The current global pandemic has instilled a sense of uncertainty and unease, hotels are going to be relied upon to provide a space to escape, disconnect and retreat in comfort. Today’s traveler is looking to check-in to a hotel and find the same level of comfort, if not more, than they have at home. Most people are now living a relatively ‘smart’ life, using AI daily, with smart assistants managing and automating a lot of day-to-day tasks – from waking them up and turning on the heaters, to orderings their groceries – so, a ‘smart’ hotel room is almost expected.
There’s a science to feeling good. As designers, we’re tasked with creating immersive spaces and experiences that engage the senses. The confluence of touch, scent, sound, sight, and taste is subtle, sometimes invisible, but they are there, all working together to create a memorable wellness experience. The guest doesn’t see the mechanics or science behind feeling good, but they sense it.
According to Nick Albert, Principal of Chromatic, Inc., lighting is one of the most quintessentially human experiences in design. Access to daylight is incredibly important, but it’s not always possible. The technology we have now can play a crucial role. “An LED light system, that can adjust between color temperatures; cool to warm, to neutral; is able to stimulate the human body’s natural circadian rhythms. You can utilize this technology to simulate daylight for a sense of nature or pre-program your room to cure jetlag. Despite it being a simulation, our bodies still react in the same way, it’s a naturalistic rhythm that instills a sense of ease and calm.”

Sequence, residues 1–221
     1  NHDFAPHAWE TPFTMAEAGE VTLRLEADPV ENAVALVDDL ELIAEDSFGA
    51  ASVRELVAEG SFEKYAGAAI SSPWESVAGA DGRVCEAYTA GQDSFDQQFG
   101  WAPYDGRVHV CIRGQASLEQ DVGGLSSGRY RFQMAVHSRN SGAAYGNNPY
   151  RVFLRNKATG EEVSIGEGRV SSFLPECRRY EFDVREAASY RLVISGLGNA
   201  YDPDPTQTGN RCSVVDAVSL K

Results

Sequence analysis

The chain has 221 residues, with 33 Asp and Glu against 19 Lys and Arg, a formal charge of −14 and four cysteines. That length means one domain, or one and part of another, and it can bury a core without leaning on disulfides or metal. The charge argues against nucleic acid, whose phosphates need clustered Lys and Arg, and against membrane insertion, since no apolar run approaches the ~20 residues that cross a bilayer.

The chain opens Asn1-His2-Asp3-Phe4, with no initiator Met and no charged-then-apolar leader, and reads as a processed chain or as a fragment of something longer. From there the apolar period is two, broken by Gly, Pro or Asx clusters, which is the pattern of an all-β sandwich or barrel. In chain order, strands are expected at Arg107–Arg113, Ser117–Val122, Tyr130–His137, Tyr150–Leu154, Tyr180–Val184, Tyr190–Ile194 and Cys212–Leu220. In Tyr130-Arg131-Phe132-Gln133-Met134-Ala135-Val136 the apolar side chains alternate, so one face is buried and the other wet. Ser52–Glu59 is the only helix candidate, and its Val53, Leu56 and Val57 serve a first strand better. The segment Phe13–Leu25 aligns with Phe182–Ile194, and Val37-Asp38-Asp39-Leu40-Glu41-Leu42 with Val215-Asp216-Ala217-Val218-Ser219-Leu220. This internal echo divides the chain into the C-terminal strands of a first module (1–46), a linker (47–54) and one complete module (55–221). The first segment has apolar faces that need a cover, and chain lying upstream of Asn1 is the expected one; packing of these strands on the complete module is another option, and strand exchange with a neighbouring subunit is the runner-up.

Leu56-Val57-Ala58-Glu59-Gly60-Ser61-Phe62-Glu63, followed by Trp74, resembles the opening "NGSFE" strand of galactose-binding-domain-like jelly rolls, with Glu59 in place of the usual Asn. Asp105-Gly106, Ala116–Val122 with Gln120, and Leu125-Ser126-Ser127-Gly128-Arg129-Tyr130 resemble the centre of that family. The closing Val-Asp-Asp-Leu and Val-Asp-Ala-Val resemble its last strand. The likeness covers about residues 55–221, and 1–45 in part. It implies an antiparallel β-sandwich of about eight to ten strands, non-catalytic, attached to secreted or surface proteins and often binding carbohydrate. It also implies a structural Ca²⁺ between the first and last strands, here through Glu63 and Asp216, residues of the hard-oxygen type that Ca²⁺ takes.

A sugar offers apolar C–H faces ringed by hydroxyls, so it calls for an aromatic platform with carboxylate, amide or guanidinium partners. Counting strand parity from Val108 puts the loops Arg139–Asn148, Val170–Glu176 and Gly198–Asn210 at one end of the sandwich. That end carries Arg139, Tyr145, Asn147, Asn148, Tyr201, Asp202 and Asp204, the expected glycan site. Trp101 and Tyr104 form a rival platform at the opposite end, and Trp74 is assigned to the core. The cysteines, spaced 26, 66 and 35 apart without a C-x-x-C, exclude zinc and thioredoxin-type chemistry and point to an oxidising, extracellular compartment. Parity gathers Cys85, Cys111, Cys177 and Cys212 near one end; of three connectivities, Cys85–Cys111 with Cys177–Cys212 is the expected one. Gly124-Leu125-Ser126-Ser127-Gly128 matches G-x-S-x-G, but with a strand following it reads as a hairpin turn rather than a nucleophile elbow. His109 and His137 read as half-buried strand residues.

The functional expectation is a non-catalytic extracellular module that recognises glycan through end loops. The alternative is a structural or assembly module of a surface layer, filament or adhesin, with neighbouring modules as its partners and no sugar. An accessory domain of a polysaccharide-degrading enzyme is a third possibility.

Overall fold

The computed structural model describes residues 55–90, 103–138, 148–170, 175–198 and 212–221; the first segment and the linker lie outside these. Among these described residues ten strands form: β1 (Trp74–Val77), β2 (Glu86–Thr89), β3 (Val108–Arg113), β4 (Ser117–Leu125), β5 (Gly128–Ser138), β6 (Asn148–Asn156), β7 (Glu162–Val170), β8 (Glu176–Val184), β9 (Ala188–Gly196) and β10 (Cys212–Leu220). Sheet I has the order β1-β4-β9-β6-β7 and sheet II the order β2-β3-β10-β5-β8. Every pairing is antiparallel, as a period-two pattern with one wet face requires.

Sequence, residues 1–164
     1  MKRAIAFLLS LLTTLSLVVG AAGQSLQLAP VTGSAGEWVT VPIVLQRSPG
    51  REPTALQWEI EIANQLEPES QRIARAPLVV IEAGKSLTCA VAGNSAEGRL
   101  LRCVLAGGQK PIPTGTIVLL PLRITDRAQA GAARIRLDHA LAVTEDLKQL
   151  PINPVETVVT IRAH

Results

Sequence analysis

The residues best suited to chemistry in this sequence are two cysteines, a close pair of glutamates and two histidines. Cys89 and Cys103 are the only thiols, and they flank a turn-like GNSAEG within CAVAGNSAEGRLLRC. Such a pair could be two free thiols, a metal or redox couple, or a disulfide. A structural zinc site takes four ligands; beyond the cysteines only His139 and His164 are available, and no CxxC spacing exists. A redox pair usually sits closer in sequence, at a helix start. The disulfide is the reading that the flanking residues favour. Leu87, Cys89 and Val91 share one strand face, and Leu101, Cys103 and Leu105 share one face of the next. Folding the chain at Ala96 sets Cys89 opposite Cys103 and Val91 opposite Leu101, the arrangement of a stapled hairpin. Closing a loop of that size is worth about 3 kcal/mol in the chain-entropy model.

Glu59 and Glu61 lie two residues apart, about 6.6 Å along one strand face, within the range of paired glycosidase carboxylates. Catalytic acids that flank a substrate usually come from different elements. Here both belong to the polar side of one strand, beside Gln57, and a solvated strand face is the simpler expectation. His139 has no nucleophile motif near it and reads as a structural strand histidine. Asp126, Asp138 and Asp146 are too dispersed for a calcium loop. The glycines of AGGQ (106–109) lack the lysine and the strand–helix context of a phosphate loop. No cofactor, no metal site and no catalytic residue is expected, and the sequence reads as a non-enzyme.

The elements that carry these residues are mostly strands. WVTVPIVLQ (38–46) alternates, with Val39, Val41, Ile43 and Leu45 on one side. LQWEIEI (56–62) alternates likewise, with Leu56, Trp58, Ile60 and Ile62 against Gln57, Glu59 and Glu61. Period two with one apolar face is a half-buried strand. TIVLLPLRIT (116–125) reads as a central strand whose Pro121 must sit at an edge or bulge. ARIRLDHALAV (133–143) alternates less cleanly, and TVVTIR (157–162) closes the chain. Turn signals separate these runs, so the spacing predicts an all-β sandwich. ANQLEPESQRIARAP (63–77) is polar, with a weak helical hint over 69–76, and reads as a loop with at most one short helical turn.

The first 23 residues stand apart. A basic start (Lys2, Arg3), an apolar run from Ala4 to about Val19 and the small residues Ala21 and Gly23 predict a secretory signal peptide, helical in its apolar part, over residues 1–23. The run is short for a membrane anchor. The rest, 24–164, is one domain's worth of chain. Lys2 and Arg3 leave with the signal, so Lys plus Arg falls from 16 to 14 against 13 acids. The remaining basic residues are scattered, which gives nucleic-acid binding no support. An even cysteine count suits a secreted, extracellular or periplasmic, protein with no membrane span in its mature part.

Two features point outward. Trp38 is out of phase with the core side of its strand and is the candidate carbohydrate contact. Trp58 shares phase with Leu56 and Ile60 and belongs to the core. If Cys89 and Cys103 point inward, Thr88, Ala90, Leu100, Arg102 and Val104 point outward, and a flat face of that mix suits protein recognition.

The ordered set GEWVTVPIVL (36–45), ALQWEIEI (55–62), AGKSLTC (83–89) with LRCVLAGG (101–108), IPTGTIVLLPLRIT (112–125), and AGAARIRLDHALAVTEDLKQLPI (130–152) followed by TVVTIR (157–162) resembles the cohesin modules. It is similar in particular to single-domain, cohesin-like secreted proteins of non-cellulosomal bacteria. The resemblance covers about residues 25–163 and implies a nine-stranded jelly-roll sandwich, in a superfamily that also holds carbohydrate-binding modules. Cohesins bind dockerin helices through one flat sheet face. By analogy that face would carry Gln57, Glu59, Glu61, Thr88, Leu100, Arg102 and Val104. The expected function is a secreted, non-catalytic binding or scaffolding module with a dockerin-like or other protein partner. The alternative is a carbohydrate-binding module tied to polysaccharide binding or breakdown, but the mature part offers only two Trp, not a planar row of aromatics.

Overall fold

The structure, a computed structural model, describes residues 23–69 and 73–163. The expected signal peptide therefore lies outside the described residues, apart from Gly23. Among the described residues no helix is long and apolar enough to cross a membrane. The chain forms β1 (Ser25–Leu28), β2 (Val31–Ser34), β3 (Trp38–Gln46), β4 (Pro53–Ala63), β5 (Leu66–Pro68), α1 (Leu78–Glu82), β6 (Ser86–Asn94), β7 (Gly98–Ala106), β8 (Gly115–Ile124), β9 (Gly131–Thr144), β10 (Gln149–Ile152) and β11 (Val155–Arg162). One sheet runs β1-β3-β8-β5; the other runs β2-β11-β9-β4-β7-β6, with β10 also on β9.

“What we really ascribe to at our firm is, no matter how complicated the system is and how much technology is behind the wall, the experience in front of the wall should be as simple as possible. Even the most highly articulated lighting environments should be able to be accessed with just three buttons; effectively ‘high, medium, and low’ with technology doing the rest; people don’t want to deal with more decisions than that.” Albert stated.
By harnessing sentient technologies, hotels will be able to monitor guests’ emotional needs and make personalized adjustments, improving the guest’s mood and elevating the hospitality experience. Helping guests unwind and boost their energy levels. It’s almost as if technology is allowing us to tap into the ‘sixth sense’, that senses the guest’s feelings and mood. New tools for interaction like light, voice, gesture, and touch will engage our senses and make the interaction more natural.
Albert adds “Lighting systems can do almost anything now, from communicating via LiFi, to sterilizing a space using UVC, you just need to figure out need, cost, and interest. People need to buy into the aspiration as much as anything.”
Authored by Bruce Wright, Senior Vice President, and Principal, SB Architects.
Originally created for and published on Hotel Executive as ‘The New Elements of Hotel Design in a Hi-Tech World.’